Rolling over the wide sweep of the York River and up into the wildwoods of the Middle Peninsula to visit FlatIron Crossroads, I don’t know what I was expecting. Certainly not a church of music that shimmies with holiness or permission to shred on a ‘78 Telecaster that Ray Friend, owner and operator of the burgeoning music venue in Gloucester, calls one of his “junk guitars.” I didn’t expect to see the 20 feet of concrete “where the town 100 years ago buried the Devil after he met with Robert Johnson at the crossroads.”
While that last yarn may be a slight fabrication, Friend is one of those guys who makes you want to believe. When he tells me he’s going to build a three-bedroom house with a recording studio so traveling musicians can stay a couple weeks, lay down some tracks and then play a few nights at the venue, I not only believe him, I want to do everything I can to make it happen. When he tells me he plans to sell out every show even though tonight’s performance is the fourth ever here, I don’t believe him until the crowd arrives an hour before set time.
“Part of what started this whole dream of mine was Live from Daryl's House,” he croons while tilting his bowtie and jutting his cap. “Well heck, I thought, I could build something like that. I’m a firm believer in what one can do, another can do. It’s just a matter of you do your research, you keep your eyes open, you keep your ears to the ground, you network, make as many friends as you can—and share. This is not about me, it’s about the community and sharing and trying to do something special.”
Halfway into Williamsburg-based guitarist Tony Mata’s soundcheck, I feel the building, an abandoned gas station Ray bought a few years ago, start to levitate. And even though there’s only the sound guy, lighting guy and a photographer in the room, we have a spiritual experience. This is communion. This is poetry. This is why the fires were lit and the temples were built.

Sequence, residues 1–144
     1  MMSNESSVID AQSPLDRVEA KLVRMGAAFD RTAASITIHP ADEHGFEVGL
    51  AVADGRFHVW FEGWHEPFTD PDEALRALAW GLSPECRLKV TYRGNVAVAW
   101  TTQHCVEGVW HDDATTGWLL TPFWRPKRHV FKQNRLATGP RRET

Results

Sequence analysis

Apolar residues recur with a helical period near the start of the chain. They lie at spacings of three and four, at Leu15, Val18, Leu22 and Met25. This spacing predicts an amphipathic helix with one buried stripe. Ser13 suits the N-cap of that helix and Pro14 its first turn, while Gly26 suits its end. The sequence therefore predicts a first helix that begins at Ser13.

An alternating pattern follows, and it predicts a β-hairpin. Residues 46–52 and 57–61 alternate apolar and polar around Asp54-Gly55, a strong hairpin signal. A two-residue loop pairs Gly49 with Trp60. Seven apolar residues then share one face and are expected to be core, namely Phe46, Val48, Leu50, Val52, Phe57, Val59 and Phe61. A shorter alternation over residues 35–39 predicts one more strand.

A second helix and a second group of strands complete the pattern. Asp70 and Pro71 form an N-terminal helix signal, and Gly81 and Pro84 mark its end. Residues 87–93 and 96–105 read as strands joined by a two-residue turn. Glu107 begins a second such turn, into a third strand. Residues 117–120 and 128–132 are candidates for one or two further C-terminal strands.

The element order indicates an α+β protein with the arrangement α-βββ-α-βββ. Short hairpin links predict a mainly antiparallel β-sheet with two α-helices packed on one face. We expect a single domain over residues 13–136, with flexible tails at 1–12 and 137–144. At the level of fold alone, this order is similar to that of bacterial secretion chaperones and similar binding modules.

When Travis Colby takes the stage and begins to tickle the ivories, something happens that cannot happen in a for-profit music venue. It happens at places like North Shore Point House concerts in Norfolk and Harris Creek Acoustic and Big Pink in Phoebus. It happens on porches and in kitchens and before hearths everywhere. Free from the bouncers and metal detectors and surly bartenders, the music fills up with the Holy Spirit. Free from the cold-blooded spreadsheets of commercialism, beautiful sounds abound.
Friend is modest, but he isn’t unaware: “I’m thinking about getting a steeple,” he says with a sly smile. Miles Davis, Keith Richards and Johnny Cash look down upon us from his cleverly fashioned acoustic panels, which are “designed to catch the bass waves that crawl up the wall.” It’s finally showtime, so Friend thanks the assembled and introduces trumpeter Victor Haskins. Then there is a dazzling silence and the music spirals on in.
“I’m a noisemaker,” Friend tells me. “I’m a passionate lover of all things that are emotional, such as music and art.” Indeed, he is making some beautiful noise up here in Gloucester—enough to make Cornwallis blush, that’s for sure. Just down the road is the Gloucester Brewing Company, a newish ale slinger not rushing into distribution just quite yet. Perhaps that’s the secret: a well-played game of Keep Away. Away from the maddening crowds a house of music blooms, where the reverend waltzes among the gathered with a glass of wine, a bowtie and his bride. Way up here on the periphery, music can become itself. A sight to see, a sound to behold and an experience to have.
For more information and a full schedule of events at FlatIron Crossroads, visit FlatIronCrossroads.com.